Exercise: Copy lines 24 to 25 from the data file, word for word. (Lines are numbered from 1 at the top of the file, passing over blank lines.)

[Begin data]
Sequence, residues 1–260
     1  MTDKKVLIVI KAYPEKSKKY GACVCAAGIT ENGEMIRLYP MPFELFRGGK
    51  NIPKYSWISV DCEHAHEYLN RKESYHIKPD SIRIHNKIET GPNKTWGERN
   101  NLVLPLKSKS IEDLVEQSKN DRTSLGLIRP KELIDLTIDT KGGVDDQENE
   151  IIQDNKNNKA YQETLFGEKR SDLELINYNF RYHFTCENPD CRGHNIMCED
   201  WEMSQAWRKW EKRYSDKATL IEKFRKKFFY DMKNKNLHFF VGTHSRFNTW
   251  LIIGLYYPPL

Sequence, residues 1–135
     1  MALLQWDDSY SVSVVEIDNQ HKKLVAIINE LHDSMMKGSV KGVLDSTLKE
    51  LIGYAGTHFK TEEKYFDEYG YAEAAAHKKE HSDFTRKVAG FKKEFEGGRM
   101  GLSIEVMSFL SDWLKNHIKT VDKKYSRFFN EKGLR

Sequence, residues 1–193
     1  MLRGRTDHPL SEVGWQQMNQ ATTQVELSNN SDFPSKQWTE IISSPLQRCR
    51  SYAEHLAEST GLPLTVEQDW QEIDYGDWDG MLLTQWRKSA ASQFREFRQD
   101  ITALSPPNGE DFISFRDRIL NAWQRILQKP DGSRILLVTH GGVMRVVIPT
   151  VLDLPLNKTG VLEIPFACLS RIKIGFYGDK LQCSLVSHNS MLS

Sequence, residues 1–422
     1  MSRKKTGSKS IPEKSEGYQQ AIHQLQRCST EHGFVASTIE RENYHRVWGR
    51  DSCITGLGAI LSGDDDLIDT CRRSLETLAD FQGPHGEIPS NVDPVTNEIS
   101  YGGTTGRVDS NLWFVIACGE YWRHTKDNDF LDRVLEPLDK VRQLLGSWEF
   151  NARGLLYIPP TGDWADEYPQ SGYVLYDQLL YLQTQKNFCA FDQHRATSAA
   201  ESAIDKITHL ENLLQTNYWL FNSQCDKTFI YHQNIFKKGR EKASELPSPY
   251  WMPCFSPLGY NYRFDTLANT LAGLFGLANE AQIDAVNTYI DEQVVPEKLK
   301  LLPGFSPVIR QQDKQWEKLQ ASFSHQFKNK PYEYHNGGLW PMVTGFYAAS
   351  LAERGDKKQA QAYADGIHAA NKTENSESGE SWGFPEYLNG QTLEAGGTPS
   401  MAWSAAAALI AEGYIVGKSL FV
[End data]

   301  LLPGFSPVIR QQDKQWEKLQ ASFSHQFKNK PYEYHNGGLW PMVTGFYAAS
   351  LAERGDKKQA QAYADGIHAA NKTENSESGE SWGFPEYLNG QTLEAGGTPS